IOMeter v2006.07.27 – IOps
Iometer is an I/O subsystem measurement and characterization tool for single and clustered systems. It was originally developed by the Intel Corporation and announced at the Intel Developers Forum (IDF) on February 17, 1998 – since then it got wide spread within the industry.
Meanwhile Intel has discontinued to work on Iometer and it was given to the Open Source Development Lab (OSDL). In November 2001, a project was registered at SourceForge.net and an initial drop was provided. Since the relaunch in February 2003, the project is driven by an international group of individuals who are continuesly improving, porting and extend the product.
Finally, a non-Intel drive properly scaling with Queue Depth! Vertex 2 joins the ranks of those drives that can properly scale when hit with a bunch of requests in parallel. Computers multitask, so it only makes sense for the primary storage device to do the same. All of those other ‘flat line’ drives are uni-taskers, and can only service one request at a time, sequentially. It’s plainly obvious from the above that an SSD with properly implemented NCQ firmware can trounce the competition even at a Queue Depth of 2 (meaning the drive is servicing 2 requests simultaneously).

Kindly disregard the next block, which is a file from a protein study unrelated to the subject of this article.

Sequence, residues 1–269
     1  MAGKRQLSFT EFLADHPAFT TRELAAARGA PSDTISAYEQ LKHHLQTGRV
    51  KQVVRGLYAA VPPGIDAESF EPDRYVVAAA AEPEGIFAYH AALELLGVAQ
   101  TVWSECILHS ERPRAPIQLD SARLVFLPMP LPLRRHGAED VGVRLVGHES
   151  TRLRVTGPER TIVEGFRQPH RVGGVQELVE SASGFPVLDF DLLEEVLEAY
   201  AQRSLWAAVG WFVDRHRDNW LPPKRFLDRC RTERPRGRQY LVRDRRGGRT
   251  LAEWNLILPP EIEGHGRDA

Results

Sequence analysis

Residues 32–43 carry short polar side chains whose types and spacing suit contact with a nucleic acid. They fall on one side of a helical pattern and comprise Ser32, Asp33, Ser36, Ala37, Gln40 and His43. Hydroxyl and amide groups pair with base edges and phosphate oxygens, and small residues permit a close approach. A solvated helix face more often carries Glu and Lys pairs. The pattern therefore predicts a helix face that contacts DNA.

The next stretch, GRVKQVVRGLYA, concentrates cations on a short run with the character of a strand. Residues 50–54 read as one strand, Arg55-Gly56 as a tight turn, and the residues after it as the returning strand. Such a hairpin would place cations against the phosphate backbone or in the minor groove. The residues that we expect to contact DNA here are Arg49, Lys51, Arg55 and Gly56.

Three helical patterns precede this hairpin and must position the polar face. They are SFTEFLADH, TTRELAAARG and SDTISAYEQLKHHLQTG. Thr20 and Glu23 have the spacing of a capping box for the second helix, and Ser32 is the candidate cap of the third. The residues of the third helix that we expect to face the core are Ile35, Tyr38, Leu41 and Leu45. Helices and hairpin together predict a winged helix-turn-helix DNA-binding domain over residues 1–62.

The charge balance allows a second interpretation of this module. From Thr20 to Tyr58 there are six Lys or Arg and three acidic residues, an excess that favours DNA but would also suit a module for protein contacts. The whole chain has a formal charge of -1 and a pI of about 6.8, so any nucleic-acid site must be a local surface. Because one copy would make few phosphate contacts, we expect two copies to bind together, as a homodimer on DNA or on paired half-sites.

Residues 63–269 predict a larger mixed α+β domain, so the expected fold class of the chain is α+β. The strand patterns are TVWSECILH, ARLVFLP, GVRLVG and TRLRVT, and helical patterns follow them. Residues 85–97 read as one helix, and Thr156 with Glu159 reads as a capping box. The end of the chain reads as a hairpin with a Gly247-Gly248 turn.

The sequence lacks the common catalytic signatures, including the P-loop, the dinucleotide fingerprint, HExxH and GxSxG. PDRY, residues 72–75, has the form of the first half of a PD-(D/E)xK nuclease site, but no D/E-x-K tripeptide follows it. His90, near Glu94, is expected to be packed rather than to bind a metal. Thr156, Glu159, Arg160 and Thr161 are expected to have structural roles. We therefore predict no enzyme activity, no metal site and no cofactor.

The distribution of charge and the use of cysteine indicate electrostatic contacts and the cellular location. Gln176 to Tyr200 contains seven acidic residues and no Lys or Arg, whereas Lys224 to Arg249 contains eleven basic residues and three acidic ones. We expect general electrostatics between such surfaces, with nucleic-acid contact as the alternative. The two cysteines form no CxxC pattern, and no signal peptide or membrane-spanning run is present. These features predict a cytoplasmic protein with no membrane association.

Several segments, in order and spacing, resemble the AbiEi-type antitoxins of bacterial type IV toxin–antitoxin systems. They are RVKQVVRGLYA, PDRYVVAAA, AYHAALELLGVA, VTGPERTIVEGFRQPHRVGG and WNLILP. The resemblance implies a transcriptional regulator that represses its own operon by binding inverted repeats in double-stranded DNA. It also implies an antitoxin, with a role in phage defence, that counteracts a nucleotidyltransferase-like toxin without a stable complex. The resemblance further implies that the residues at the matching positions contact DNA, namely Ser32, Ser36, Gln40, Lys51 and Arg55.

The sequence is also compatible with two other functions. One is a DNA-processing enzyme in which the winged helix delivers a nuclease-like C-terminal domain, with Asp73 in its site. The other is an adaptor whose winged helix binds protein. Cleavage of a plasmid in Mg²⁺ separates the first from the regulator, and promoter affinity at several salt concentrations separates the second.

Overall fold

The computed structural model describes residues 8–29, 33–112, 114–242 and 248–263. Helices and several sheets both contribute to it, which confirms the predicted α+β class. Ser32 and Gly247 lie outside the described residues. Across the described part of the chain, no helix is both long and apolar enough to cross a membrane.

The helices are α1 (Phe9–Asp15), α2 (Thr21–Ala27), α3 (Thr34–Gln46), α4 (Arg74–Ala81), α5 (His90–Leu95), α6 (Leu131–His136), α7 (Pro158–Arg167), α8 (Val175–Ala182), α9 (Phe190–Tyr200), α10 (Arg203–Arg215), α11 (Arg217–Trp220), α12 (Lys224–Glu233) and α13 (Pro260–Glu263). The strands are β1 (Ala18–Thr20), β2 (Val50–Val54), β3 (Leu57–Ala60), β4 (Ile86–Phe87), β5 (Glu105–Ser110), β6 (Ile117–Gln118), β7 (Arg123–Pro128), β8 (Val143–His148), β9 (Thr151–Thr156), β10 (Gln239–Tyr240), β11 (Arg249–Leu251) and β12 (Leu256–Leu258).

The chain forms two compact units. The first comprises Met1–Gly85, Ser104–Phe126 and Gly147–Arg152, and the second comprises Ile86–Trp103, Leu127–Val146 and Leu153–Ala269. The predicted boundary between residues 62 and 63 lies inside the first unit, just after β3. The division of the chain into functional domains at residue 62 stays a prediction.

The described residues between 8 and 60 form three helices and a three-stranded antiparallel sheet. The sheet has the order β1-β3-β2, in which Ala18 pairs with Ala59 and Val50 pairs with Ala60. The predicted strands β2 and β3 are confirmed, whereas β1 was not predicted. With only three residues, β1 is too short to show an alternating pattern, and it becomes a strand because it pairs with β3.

With that out of the way, how did the new Sandforce controller fare against the now veteran Intel controller? Very well indeed! While it was unable to beat the lightning fast X25-M G2, it walked all over its predecessor – at least where it counts. Most systems in operation, even under a heavy power user load, will rarely break above QD=8.
Something else to consider here – this is a pre-release drive on beta silicon. There are still tweaks to be made both in hardware and firmware that should yield further improvements in speed and agility.